Nice to have the opportunity to try out something different.

  3. Tina Schell says:

    Know exactly what you mean Jude. Our home on the beach is so precious to me. Views are wonderful, nature surrounds us and we bike or walk all over. On the other hand we are 45 minutes from the closest hospital and beginning to think about what happens when in the not distant future. I worry more than I should about it as I don’t want to leave but some day does eventually come doesn’t it? Your images tell us how hard it would be to move so enjoy it as long as you can!

    1. Heyjude says:

      I tend not to worry about these things, I am someone who generally copes with whatever life throws at me, but recently having to drive to and from hospital to visit my son or take him in for check-ups I have realised how tiring those journeys can be and that is only 30 mins each way. Also the OH doesn’t drive so he is fairly dependent on my giving him lifts if he wants to go out, even if just to the bus stop or railway station. If I am sick then we have to rely on taxis or grocery deliveries. Being closer to a town would be a sensible option, but I do love my countryside views!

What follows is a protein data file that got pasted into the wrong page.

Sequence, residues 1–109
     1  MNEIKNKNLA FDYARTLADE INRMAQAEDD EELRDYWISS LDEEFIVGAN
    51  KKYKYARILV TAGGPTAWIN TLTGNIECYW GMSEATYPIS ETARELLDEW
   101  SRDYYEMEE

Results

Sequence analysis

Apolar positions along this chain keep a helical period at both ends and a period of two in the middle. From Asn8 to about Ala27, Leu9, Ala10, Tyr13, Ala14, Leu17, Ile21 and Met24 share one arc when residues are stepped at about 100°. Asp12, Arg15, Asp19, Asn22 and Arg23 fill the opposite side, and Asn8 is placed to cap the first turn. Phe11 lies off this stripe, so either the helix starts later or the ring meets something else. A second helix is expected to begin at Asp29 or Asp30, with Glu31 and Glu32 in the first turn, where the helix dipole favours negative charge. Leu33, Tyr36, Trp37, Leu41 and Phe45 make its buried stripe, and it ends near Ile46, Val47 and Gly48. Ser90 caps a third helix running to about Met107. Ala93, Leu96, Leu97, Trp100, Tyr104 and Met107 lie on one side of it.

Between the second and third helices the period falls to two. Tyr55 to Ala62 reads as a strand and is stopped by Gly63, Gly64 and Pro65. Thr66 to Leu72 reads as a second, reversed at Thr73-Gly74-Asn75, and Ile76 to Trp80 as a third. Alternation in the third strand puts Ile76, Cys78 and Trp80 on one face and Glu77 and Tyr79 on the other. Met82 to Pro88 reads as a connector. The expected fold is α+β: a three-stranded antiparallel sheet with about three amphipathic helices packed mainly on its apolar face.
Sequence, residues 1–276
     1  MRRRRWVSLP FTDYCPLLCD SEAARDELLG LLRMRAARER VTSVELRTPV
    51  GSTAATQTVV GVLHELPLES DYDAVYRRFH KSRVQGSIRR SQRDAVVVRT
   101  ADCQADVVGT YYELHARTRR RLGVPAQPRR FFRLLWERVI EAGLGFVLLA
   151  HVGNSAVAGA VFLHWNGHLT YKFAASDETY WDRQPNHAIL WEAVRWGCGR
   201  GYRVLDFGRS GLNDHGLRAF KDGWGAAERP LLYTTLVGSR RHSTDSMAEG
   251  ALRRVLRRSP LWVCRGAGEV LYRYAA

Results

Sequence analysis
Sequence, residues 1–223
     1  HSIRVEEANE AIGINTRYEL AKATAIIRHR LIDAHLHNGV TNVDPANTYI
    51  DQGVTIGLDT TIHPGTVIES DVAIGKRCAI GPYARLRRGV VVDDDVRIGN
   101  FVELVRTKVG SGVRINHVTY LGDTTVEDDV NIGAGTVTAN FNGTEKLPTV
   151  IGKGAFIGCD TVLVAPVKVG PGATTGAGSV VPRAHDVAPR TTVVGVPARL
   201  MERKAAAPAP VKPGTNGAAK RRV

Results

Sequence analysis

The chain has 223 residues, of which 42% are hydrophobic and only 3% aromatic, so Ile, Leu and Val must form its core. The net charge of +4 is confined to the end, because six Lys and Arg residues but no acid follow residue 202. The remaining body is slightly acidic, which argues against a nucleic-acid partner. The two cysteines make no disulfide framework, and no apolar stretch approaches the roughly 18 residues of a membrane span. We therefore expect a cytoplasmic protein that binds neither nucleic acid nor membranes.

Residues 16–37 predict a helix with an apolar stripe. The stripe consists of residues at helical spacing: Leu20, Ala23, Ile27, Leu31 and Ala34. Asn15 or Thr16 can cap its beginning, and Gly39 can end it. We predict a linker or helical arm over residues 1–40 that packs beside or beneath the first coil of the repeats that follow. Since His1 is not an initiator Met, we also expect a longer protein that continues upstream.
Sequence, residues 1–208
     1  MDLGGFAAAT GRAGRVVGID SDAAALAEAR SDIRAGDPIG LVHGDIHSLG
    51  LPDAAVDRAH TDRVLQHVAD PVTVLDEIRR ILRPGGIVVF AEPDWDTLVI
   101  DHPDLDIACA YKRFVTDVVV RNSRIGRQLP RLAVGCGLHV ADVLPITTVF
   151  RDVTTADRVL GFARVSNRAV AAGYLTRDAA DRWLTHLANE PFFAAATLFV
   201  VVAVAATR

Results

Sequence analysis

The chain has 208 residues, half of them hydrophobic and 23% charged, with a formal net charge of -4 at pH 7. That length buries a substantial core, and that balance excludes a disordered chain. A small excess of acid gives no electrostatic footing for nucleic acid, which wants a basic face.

1. Tina Schell says:

        Oh I definitely hear you on that Jude. My husband was in the hospital Christmas week 2016. I cannot imagine what it would be like if it had been longer. Just trying to take my own advice and enjoy where we are as long as we can.

  4. I’ve always lived in a village and love the countryside, but with the nearest proper hospital over the border in Shrewsbury (and a 45 minute drive away… assuming no tractors are on the way), it does get worrying in an emergency. Oh, and going to any kind of event often involves either a long car journey or (preferably) a train journey and hotel. Still, I wouldn’t have it any other way 🙂

    1. janesmudgeegarden says:

      The colours in your first photo are nothing less than glorious.
      I very much understand how you feel about living in the country. Previously we lived out of town on 30 acres with a huge garden and 400 olives trees. We built up everything from a rather bare sheep paddock. It was such an exciting time for us but eventually we realised it was getting to be a lot of work (though we’re not quite decrepit yet) and we sold up and moved into town. After five years we still miss our beautiful place by the river and are still trying to get used to being in suburbia.

    2. Heyjude says:

      Having previously lived in Ludlow (with all its conveniences AND closeness to the countryside) I know all about the tractors! Or what I renamed Tructors! (Always a tractor or a slow moving truck in front of you on those narrow winding roads). Plus the long drive to even reach a motorway and don’t mention airports! At least there was a train station that we could walk to, unlike here which necessitates a car or a taxi. But the countryside is so lovely in many ways. I guess we can’t have it all and certain things take priority at different stages of our lives.